The BC Research Libraries Group is proud to co-present

Open for Collaboration: Is it Time for Canada to Implement a Unified Open Strategy for Higher Education?

October 22 2015, 6:30-8:30pm

Room 1430, Harbour Centre (SFU Vancouver)

515 Hastings St, Vancouver

This special event is presented in collaboration with
SFU Library, UBC Library, BCcampus, Public Knowledge Project, and COPPUL as part of Open Access Week.

The event is free and open to the public, but registration is required.  To register visit: http://tiny.cc/oaweek15

Update (Oct. 16): Registration for in-person attendance is full, but you can still get on the wait list via the link above, or you can participate online via webcast: http://tiny.cc/oaweeklive

A link to the recorded version of this event will be provided here as soon as it is available.

Embedded within the vision of post-secondary institutions across British Columbia are the values of contributing to knowledge across disciplines and sharing the results of research with the local and global communities.

Spurred by the need to make higher education accessible to all, the open movement has gained ground as the Internet evolved to enable easy sharing of different forms of media. However, while the notion of “open” in higher education has been growing in British Columbia, the default scholarly approach is still closed.

It is time for the scholarly conversation to shift from “why open”, to “why not open”?

This event will feature discussion about collaboration within the open movement and role of openness in higher education in British Columbia and examine:

  • if and why BC’s universities and colleges should embrace open practices
  • what impact open access and the reuse of educational materials would have on the cost and efficacy of higher education
  • what role the governments of Canada and British Columbia should play in opening higher education

About the Speakers:

Dr. John Willinksy

Director of the Public Knowledge Project, Khosla Family Professor of Education and Director of the Program in Science, Technology, and Society at Stanford University, Professor in Publishing Studies at Simon Fraser University, and Distinguished Scholar in Residence at the SFU Library

John started PKP in 1998 at the University of British Columbia in an effort to create greater public and global access to research and scholarship through the use of new publishing technologies. He is the author of, among other books, Empire of Words: The Reign of the OED (Princeton, 1994); Learning to Divide the World: Education at Empire’s End (Minnesota, 1998); Technologies of Knowing(Beacon 2000); and The Access Principle: The Case for Open Access to Research and Scholarship (MIT Press, 2006).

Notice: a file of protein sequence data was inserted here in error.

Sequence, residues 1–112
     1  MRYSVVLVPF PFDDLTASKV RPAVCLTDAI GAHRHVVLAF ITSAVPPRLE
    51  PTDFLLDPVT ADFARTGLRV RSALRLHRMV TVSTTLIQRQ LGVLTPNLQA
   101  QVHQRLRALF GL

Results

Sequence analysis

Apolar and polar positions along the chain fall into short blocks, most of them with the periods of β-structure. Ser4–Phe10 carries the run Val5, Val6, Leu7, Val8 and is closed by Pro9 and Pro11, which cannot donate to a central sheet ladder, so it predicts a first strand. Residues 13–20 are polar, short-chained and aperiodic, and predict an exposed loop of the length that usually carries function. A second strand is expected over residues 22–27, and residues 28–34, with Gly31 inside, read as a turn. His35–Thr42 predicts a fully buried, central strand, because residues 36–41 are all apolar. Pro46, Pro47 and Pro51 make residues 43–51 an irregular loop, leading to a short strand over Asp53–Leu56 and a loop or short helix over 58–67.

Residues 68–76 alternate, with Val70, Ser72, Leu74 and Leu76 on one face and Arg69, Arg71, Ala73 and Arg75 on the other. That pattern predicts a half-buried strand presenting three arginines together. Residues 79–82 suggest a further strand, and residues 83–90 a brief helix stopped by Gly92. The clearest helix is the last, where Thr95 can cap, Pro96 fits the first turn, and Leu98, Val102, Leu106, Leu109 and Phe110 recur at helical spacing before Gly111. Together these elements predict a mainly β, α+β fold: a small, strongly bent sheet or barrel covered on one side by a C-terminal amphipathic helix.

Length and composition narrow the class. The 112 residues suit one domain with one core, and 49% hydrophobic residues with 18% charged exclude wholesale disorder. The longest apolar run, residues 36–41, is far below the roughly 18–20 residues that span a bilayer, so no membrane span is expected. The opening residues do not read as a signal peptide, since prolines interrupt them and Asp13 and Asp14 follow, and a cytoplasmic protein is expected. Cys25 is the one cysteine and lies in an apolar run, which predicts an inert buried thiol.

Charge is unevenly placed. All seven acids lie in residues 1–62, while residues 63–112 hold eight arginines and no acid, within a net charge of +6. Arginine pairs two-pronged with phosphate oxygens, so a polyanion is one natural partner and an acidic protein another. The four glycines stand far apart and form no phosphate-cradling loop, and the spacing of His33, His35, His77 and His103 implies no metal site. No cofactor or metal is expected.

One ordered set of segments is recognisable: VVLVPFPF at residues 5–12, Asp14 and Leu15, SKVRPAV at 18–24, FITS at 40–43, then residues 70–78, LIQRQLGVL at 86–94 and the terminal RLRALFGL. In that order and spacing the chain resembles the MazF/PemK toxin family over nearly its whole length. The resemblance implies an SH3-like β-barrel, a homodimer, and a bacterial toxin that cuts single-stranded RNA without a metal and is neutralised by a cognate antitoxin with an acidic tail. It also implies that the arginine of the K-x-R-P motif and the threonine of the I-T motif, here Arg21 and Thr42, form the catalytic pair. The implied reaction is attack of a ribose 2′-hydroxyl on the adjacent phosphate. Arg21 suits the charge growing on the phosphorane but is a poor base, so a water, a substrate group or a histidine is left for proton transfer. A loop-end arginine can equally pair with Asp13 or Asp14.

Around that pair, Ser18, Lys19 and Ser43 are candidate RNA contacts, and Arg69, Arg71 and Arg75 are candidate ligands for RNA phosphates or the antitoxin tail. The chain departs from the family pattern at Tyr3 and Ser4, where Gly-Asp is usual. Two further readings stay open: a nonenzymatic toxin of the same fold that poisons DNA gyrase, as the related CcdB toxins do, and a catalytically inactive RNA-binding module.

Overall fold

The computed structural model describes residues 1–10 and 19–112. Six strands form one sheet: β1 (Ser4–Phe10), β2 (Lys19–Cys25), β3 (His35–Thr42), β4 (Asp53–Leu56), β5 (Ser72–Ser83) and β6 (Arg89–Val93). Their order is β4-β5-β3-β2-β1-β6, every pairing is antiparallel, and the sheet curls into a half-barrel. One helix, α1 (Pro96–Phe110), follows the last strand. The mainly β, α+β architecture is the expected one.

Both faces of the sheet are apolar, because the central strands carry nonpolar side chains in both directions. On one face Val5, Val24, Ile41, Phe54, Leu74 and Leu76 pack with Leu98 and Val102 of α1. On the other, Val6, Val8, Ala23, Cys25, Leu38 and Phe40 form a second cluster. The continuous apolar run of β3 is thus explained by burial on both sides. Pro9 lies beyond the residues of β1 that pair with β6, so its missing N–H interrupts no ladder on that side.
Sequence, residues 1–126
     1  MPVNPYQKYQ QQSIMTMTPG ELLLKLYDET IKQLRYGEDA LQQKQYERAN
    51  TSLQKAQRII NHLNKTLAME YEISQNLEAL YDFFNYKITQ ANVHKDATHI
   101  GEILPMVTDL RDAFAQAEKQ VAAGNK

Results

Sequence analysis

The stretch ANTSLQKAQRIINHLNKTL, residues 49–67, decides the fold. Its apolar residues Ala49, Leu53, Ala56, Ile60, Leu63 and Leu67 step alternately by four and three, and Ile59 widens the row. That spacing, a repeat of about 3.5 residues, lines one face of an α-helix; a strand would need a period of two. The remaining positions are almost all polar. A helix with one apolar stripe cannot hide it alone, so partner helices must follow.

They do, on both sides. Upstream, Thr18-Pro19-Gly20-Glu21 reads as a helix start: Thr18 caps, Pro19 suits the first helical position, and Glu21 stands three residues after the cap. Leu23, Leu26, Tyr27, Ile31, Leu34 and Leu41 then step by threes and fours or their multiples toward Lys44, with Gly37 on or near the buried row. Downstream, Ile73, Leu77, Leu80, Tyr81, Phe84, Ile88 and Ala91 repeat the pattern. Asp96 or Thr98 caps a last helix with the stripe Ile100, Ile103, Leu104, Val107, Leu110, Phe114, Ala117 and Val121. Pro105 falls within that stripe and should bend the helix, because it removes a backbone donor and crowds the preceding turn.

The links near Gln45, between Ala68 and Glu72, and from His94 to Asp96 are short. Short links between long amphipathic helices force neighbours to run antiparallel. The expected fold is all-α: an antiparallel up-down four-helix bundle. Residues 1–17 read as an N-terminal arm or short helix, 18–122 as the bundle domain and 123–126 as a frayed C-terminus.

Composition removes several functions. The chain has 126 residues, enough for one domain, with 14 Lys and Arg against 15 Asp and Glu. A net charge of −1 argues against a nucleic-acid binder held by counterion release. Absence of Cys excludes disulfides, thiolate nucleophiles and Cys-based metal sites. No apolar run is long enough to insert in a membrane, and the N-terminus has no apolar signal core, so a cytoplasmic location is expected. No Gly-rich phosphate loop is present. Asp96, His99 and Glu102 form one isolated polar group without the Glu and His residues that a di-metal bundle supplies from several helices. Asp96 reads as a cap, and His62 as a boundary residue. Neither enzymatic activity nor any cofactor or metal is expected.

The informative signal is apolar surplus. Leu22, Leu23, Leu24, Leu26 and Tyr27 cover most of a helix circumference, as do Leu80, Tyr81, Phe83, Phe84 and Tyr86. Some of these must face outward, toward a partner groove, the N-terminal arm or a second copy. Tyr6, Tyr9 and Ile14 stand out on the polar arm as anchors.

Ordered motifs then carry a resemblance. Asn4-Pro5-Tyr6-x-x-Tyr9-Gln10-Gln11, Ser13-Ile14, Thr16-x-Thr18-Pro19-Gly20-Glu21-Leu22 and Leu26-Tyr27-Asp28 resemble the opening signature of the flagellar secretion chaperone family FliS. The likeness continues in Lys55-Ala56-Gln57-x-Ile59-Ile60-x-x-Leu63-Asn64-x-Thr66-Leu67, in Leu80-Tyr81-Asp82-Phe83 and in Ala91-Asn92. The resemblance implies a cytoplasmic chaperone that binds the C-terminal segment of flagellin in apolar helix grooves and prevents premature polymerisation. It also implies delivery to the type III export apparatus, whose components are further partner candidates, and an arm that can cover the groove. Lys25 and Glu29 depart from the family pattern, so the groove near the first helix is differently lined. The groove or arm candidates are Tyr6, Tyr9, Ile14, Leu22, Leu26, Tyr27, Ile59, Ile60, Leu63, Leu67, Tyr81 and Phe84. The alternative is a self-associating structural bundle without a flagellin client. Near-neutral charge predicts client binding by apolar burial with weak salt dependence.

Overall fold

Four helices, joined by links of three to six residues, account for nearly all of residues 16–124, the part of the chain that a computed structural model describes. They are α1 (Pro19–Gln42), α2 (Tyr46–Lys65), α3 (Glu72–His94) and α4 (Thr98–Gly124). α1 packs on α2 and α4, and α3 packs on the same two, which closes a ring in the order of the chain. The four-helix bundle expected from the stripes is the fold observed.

Dr. Juan Pablo AlperinJuan Pablo is an instructor in Publishing Studies, with research interests in scholarly publishing, and a collaborator on the Public Knowledge Project at Simon Fraser University. He is currently involved in several research initiatives aimed at improving the quality, impact, and reach of scholarly publishing in Latin American, and has published numerous articles and edited two books on the subject.

David Ascher – David Ascher is VP of Product for the Mozilla Foundation, and lives in Vancouver, Canada. He’s been working with Mozilla technology since 1999, and is interested in building systems that let new audiences create on the web by providing access to easy to use and engaging authoring experiences on the web.

Inba Kehoe – Inba Kehoe is responsible for Copyright and Scholarly Communications (including publishing) at the University of Victoria. She graduated with an MLS from the University of Toronto in 1993, and has a BA in English and History. She is currently working on a PhD on open scholarship.

Clint LalondeClint Lalonde is an educational technologist and an advocate for the use of open educational resources and open education practices in higher education. Clint has worked in the British Columbia post-secondary system for 20 years, and is currently the Manager of Open Education at BCcampus where he is a project lead on the BC Open Textbook project, working towards providing post-secondary faculty & students with free and openly licensed remixable textbooks.